Monday, August 29, 2011

Award Show No-Nos

I guess you could say I'm a glutton for punishment. I sat through last night's VMAs without changing the channel once.

Award shows have always captivated me: from the red carpet interviews to the judging of outfits to the spontaneous moments that can only occur on (time-delayed) live TV. But, this has got to be the absolute worst year for award show fans. First the general ehhh-ness of the Grammys, then James Franco's bizarre I'm-tired-from-working-too-many-jobs/I-smoked-up-too-much-backstage hosting of the Oscars and now the 2011 VMAs mess, which will forever be known as an awkward snoozefest.

This year, MTV decided to forgo paying someone to host the Video Music Awards. It seems the channel also forgot to pay writers to script the show. Kevin Hart's opening rant on being passed over as host was uncomfortable, the presenter banter was painful (Jonah Hill, everyone?) and the skits were confusing. I thought I could count on Will Ferrell, Seth Rogen and Jack Black to revive the night, but their Beastie Boys impression was oddly unfunny. Why oh why was there not an actual dance-off? Afraid to wake up the napping masses?

The worst offender by far was Lady Gaga. Dressed as her male alter ego, Jo Calderone, she managed to single-handedly turn the VMAs into a creepshow. I don't think anyone was confused that she was embodying a male character, but she felt the need to continually explain that she was supposed to be a guy and not "Lady" Gaga. Honestly, nothing Gaga does at this point surprises anyone. The audience could not have been less impressed by her Quasimodo-meets-West Side Story interpretation of masculinity. It was overly theatrical and in the end, just felt like she was beating a dead horse. Britney Spears was so unattracted by her behavior she couldn't bring herself to kiss Gaga during her award acceptance.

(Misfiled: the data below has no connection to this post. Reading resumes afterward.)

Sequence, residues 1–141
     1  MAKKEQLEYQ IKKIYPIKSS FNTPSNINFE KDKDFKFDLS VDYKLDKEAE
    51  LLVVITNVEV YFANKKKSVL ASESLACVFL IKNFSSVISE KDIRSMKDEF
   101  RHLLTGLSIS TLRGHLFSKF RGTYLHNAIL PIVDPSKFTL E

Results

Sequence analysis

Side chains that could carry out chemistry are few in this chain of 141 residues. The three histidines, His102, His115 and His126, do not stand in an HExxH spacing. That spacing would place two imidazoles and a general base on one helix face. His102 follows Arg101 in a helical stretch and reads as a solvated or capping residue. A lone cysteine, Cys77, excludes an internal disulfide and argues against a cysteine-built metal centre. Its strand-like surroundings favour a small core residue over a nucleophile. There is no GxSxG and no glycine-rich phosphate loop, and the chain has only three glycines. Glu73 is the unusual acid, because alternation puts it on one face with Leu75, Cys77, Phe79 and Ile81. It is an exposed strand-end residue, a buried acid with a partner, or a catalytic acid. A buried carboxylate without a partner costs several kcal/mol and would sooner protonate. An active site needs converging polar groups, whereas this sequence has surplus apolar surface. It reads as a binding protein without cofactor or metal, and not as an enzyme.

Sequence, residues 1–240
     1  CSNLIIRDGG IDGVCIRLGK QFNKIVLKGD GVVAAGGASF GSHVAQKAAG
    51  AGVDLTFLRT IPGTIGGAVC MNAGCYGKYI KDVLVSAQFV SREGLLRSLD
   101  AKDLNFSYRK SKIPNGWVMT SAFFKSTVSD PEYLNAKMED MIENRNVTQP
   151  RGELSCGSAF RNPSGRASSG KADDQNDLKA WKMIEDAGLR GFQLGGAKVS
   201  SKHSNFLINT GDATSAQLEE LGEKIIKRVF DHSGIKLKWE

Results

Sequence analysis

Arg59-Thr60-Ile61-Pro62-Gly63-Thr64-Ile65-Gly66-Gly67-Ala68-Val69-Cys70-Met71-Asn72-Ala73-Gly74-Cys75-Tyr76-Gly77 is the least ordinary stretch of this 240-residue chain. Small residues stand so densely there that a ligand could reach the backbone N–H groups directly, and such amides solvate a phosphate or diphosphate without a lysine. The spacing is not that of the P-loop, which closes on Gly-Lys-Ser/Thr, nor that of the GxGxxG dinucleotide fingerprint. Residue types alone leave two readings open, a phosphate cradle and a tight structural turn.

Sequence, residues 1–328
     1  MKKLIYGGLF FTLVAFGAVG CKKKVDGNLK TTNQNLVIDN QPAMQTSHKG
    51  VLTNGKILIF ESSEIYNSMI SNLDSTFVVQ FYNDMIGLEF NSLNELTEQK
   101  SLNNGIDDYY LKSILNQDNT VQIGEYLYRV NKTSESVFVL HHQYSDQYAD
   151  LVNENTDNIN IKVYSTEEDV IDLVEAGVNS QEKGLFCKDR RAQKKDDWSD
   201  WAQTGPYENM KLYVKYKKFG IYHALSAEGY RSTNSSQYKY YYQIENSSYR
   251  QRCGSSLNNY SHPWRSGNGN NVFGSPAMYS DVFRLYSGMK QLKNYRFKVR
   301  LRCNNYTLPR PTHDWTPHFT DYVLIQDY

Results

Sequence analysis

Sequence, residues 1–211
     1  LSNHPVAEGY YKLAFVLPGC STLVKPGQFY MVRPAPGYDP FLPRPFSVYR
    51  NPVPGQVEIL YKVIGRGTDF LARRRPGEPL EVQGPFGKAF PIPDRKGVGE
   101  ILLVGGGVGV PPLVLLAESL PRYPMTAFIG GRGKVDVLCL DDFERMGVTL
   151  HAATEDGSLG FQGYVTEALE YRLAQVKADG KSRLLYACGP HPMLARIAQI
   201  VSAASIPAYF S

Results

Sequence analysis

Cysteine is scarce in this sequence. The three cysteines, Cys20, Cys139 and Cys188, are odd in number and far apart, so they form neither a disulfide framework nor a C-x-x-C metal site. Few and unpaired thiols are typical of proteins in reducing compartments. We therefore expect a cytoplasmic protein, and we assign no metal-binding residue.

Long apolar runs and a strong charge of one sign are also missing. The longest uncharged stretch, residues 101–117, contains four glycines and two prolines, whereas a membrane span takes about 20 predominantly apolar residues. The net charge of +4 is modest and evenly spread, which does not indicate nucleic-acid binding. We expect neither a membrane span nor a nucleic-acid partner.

Cringe-inducing is the best term to describe what was hyped to be an epic showcase. The only good thing about the night was Adele. Her bare-bones performance not only murdered the other ones, but it exposed the other musicians as frauds who needed to hide behind laser light shows and costume gimmicks. The Amy Winehouse tribute was a nice touch, but Bruno Mars? Eww, couldn't they find anyone more fitting?

MTV as usual demonstrated its lack of interest in promoting musicians by awarding campy show boaters like Katy Perry instead of Adele. In the words of MTV's sole focus these days - the Jersey Shore - someone pulled a robbery. By the standards of this year's show - and let's face it, MTV's disinterest in music video as programming - Adele should be glad she didn't win any of the major awards.

Saturday, August 27, 2011

The Songs Have It Wrong: Big Girls Do Cry

I know that obesity is an epidemic in this country. I know that children aren't as active as they used to be. And I'm aware that being overweight may pose all sorts of physical and psychological threats.

Despite all that, they way to deal with these issues is not to outcast overweight members of society or call them names. That's not going for anyone good.